24-hour subways signal new era for London, night owls

Passengers pass an advert for the night tube on a platform at Oxford Circus underground (tube) station, in London, Wednesday August 17, 2016. The London underground launches a 'Night Tube' service for the London mass transport system on Friday August 19. (Dominic Lipinski / PA via AP)

LONDON — London bills itself as a global city, the world's biggest financial center and a creative hub to rival New York. Until now, though, getting home after midnight meant taking the bus.

Not anymore.

The London Underground is starting its first-ever overnight service, a move city leaders hope will make the British capital a truly 24-hour city and bolster the local economy.

The new service will only run on weekends and initially be available on just the well-traveled Central and Victoria lines. But the initiative reflects London's growing population and cosmopolitan mentality, marking a coming of age for a city that many in the Big Apple regard as quaint and sleepy.

"It's a psychological step because metros and subways and the Underground are always such totemic parts of cites," Tony Travers, an expert on urban issues at the London School of Economics, said. "They are like the circulation system of a city."

Economists like to point out that London is already a 24-hour city, with West End theaters, Michelin-starred restaurants and trendy nightclubs attracting customers from around the world well into the wee hours. Thousands of doctors, cleaners and maintenance workers also work graveyard shifts.

But the expanded Tube service comes at a good time for London, which has been anxious to reassure the world that the city is open for business and ready to welcome tourists despite Britain's recent vote to leave the European Union.

Efforts to keep the city humming around the clock have already produced 40 billion pounds ($52 billion) of economic benefits for the city, and the Night Tube service could be worth another 77 million pounds ($100 million), according to the business group London First.

"At a time of economic uncertainty— particularly following the Brexit vote — this is a welcome boost to London's economy," London First said in a statement.

Unlike New York, where a four-track subway system makes it possible to keep lines running while doing repairs at night, London's two-track system previously meant shutting the Tube from just after midnight until the early morning for daily maintenance, and even more limited hours on Sunday.

London Underground managers now believe they can complete all necessary maintenance work on weeknights, allowing them to offer overnight service on weekends.

Until now, the main late-night option for most Londoners was the city's famous double-decker buses. London's iconic black cabs and, more recently, ridesharing services like Uber, also have allowed people to get around after dark.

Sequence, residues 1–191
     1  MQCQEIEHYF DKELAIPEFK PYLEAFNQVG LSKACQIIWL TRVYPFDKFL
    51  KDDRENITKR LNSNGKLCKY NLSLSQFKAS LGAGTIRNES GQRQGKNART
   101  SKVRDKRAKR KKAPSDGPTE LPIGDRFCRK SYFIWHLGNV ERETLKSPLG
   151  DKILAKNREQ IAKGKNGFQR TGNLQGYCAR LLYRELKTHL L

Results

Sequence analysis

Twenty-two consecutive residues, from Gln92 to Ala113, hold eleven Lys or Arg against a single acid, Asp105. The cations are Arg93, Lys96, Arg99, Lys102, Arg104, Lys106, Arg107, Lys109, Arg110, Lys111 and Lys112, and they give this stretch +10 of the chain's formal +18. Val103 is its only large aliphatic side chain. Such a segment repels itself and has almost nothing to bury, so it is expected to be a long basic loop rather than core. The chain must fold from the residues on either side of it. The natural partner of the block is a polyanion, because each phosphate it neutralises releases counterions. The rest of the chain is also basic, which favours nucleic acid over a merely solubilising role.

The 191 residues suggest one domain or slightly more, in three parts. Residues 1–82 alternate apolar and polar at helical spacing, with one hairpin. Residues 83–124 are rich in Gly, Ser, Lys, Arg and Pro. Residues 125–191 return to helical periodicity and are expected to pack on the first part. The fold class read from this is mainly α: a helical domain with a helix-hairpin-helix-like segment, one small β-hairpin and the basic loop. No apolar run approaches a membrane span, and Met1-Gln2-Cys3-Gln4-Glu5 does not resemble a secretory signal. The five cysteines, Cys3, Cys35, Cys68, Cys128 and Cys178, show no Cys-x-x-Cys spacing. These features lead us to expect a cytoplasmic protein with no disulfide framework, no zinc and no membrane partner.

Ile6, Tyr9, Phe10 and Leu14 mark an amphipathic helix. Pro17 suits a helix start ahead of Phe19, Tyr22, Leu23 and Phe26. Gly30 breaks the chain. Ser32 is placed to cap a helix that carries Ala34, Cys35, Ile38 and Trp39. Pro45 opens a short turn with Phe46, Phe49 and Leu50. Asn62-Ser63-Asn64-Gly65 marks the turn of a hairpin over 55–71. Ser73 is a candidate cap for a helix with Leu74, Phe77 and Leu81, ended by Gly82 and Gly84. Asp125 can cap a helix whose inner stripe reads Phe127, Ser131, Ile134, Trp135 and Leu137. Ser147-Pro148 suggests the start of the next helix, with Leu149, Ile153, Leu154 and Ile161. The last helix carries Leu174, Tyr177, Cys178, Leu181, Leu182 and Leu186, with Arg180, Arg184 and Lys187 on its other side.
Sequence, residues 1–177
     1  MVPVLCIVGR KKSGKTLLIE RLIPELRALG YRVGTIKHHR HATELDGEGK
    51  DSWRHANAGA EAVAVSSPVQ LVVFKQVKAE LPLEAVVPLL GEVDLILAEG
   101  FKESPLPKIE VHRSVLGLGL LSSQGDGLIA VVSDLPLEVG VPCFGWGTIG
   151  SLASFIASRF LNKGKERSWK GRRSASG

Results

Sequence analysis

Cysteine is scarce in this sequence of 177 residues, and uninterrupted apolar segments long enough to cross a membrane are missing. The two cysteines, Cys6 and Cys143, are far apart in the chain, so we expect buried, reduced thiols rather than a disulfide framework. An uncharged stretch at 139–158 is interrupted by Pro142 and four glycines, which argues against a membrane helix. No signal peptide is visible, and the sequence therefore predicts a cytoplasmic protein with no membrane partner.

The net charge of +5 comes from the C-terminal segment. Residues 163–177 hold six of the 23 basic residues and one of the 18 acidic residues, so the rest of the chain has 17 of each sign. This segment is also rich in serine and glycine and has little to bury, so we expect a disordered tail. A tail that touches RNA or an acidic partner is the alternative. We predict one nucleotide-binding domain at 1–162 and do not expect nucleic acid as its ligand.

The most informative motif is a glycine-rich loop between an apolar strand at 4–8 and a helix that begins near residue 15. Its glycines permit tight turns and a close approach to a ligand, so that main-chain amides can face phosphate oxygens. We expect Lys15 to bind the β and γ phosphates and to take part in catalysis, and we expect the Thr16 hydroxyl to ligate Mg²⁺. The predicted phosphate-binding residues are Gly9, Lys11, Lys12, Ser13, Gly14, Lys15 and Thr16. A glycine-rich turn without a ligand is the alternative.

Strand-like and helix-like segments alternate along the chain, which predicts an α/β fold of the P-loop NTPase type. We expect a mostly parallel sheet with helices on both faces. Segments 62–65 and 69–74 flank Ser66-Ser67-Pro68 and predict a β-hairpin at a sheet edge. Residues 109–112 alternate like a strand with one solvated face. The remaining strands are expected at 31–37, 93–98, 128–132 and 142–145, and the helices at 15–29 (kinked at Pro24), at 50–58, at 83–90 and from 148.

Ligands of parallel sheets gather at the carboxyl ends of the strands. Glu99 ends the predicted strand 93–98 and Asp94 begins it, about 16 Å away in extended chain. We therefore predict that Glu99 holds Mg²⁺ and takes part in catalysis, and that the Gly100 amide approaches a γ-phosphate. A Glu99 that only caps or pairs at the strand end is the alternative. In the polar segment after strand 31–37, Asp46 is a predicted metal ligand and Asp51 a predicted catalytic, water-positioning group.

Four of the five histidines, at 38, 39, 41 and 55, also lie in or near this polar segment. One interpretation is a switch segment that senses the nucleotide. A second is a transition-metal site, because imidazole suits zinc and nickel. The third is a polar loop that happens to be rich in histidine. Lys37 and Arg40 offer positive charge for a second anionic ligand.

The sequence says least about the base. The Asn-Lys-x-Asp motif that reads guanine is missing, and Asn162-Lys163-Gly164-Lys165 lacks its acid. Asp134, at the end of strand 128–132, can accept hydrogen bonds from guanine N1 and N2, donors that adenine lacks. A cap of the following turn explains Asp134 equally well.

But the Tube, with its sturdy reliability and uniformity, offers a security blanket for commuters and tourists. Riders never get stuck in traffic, as you might on a bus. The stops never vary, whether you are watching for them or not.

The unionized workers that keep the Tube running were less excited about moving to the world of 24/7. Issues were raised about maintenance, security and quality of life that took three years to sort out.

"The truth is that it is not politicians and their top officials who will deliver a Night Tube for London," National Union of Rail, Maritime and Transport Workers General-Secretary Mick Cash said in a statement Friday. "It is the cleaners, station staff, drivers, engineers and all the other grades working anti-social hours who will be transforming London into a 24-hour city."

Some 100 British Transport Police officers will patrol the network on Friday and Saturday nights, offering assurance to revelers, commuters and tourists on the system.

"It can be a middle-aged clubber like me coming home after a late night out with your missus, not being stressed about the time of the last Tube," London Mayor Sadiq Khan said.

Planning for the change was meticulous. To get ready, Transport for London tested the service last weekend.

During the dress rehearsal, cleaning crews sopped up chicken soup flung around the carriages to simulate vomit. Staff members pretended to be loud and obnoxious passengers having a bit too much fun on a night out, a test in the diplomacy skills of station staff.

"We don't want a big bang (with) errors and mistakes," the mayor said.

Some regular riders have reservations. Manolis Zografakis, a digital consultant who runs a website called BrokeinLondon.com, wonders how plausible overnight subway service will be in a culture that often encourages binge drinking.

"They only qualm I have is that when people drink too much, they can be unstable," he said.

Finn Brennan, a district organizer for the driver's union, ASLEF, acknowledges that the new service is a nod to London's emergence as a 24-hour city. Whether or not the Tube runs late, Brennan insisted with a dollop of civic pride, the city has no peers in the night life department.

"I'm sure we surpassed NY a long time ago," he said.

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